These two lists should be the filters that you shoot prospects through to see if you should spend one more minute with them.

2. Align behavior with purpose.  If you struggle in a component of the sales process, say lead generation, then you aren’t looking at it correctly. I had a mentor who said, “If you’re feeling pressure, you’re doing something wrong.” This is why I say, “align with purpose.” This means to state what your purpose is in your profession.

If it’s to make a lot of money for yourself, then you aren’t operating from a place of High Intent. Every thing that happens to you in the sales process will be seen as a threat to your core purpose.

But if your purpose is to be a hero to your target audience…or to serve them exquisitely…or to solve the biggest problems they have, then you are “on purpose” and in sync with what they want. You both want the same ting.

And when you are on purpose, prospecting behavior will never be a struggle. 

3. Take the pressure off early. Tell the customer upfront that it’s OK if this is not a fit. Why would you have any other point of view than that? If it’s not a fit in his/her eyes, are you going to continue to hang around? No, of course not.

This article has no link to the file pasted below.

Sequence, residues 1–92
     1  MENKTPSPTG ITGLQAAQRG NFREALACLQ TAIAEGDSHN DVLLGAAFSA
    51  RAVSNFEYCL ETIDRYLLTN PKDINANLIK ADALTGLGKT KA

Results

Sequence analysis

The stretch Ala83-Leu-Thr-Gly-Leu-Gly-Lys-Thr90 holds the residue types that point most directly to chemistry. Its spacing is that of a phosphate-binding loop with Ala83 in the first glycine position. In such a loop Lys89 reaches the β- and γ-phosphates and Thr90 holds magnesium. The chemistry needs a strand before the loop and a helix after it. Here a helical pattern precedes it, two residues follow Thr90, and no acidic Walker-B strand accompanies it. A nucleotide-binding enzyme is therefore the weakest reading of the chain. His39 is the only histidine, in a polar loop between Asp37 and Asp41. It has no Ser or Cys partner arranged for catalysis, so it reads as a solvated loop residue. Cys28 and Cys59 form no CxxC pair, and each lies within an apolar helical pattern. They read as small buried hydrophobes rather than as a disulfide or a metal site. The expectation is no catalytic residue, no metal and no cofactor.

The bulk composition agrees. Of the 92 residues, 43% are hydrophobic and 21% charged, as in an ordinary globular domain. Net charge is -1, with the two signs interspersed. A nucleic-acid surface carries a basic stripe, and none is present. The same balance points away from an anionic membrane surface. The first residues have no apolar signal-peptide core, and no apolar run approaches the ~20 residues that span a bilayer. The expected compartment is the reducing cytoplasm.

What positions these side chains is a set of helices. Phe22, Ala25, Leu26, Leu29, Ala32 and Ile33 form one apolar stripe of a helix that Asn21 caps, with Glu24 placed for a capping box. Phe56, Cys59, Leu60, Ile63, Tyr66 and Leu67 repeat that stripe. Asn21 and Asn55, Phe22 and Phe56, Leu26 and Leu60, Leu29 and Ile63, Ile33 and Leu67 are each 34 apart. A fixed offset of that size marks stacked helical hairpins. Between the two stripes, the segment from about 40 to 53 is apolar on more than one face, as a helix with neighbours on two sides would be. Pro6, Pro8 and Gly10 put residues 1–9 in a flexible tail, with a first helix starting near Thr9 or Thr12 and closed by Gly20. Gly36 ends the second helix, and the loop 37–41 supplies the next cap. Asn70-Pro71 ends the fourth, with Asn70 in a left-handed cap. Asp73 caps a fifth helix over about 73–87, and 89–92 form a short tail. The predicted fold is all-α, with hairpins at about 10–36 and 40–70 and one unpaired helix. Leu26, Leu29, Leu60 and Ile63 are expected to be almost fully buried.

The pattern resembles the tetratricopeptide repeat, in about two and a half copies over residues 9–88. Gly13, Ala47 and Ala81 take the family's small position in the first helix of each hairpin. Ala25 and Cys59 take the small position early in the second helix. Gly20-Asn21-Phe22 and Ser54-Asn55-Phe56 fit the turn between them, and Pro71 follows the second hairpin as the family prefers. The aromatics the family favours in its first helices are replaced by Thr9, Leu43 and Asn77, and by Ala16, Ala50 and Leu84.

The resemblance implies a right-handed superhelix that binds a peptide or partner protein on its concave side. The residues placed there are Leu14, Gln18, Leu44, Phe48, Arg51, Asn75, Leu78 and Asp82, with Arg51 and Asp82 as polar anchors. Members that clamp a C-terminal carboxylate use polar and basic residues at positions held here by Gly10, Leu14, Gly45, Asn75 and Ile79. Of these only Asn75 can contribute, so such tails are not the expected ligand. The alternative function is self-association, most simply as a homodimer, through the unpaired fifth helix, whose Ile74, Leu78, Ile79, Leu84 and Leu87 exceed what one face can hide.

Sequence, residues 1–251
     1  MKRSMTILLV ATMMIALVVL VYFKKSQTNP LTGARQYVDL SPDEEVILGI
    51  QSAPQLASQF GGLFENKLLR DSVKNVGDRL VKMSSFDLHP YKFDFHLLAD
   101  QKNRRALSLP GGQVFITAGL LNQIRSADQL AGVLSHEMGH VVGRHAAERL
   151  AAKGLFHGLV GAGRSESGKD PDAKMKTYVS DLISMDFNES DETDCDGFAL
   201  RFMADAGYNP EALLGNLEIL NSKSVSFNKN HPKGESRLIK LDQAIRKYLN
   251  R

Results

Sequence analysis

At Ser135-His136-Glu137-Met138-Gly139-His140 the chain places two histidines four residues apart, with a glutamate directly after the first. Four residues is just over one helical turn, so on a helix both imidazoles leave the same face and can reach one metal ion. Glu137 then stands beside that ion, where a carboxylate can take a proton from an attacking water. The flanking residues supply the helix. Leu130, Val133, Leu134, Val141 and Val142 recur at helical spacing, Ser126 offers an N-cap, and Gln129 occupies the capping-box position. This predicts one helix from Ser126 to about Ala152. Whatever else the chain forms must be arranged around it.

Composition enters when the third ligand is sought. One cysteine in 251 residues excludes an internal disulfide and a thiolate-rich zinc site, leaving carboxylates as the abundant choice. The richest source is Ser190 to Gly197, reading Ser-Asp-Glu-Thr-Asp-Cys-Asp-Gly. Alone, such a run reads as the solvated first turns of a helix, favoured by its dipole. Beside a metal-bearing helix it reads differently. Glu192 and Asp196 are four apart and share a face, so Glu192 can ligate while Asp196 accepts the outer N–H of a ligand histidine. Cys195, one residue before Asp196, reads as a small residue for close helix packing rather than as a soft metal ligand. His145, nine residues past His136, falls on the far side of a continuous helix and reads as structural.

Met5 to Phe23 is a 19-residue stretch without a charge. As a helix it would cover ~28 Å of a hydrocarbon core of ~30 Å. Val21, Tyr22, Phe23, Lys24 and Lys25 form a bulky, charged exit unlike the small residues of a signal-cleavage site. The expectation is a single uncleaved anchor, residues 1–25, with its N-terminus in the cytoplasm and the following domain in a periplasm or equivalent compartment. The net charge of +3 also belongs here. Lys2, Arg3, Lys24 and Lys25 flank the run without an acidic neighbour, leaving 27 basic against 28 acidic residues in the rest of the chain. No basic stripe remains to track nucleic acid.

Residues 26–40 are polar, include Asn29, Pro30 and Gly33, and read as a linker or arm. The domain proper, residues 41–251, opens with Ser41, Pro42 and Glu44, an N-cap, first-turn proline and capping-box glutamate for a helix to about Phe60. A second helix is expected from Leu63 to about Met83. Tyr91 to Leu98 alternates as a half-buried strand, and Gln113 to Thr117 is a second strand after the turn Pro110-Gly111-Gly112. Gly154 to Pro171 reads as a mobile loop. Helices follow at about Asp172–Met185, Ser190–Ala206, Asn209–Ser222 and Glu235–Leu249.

But by saying it…out loud…you separate yourself from the hundreds of amateurs who have come before you.

When you apply pressure, you are not in-disposable. Your are DISPOSABLE.And if you are disposable (or feel like you are), you will struggle in the profession.

Let me know how you do at implementing these three simple ideas!

Building Your Platform To Make Selling Easy(ier)

Last week, I got called by a CPA firm who wanted training for their people. This you must know: CPAs are not very good at selling. It’s not that they don’t have the expertise. That’s not it at all.

It’s that selling spooks them. It’s not in their comfort zone.

So, when I get a call from a professional services firm (or any company), I always start with one simple question: Do you have a platform?

Platform

After the weird looks they give me, I go on to educate them to what a “Platform” is.

Platform: definition, A position in the market that you occupy where people look to you for expertise.

Physical Platform

Just as you would speak at a conference from a podium (platform) the same thing applies here. In the physical world, it is you speaking from the stage, on a topic that you have some degree of expertise in, where all eyes are on you.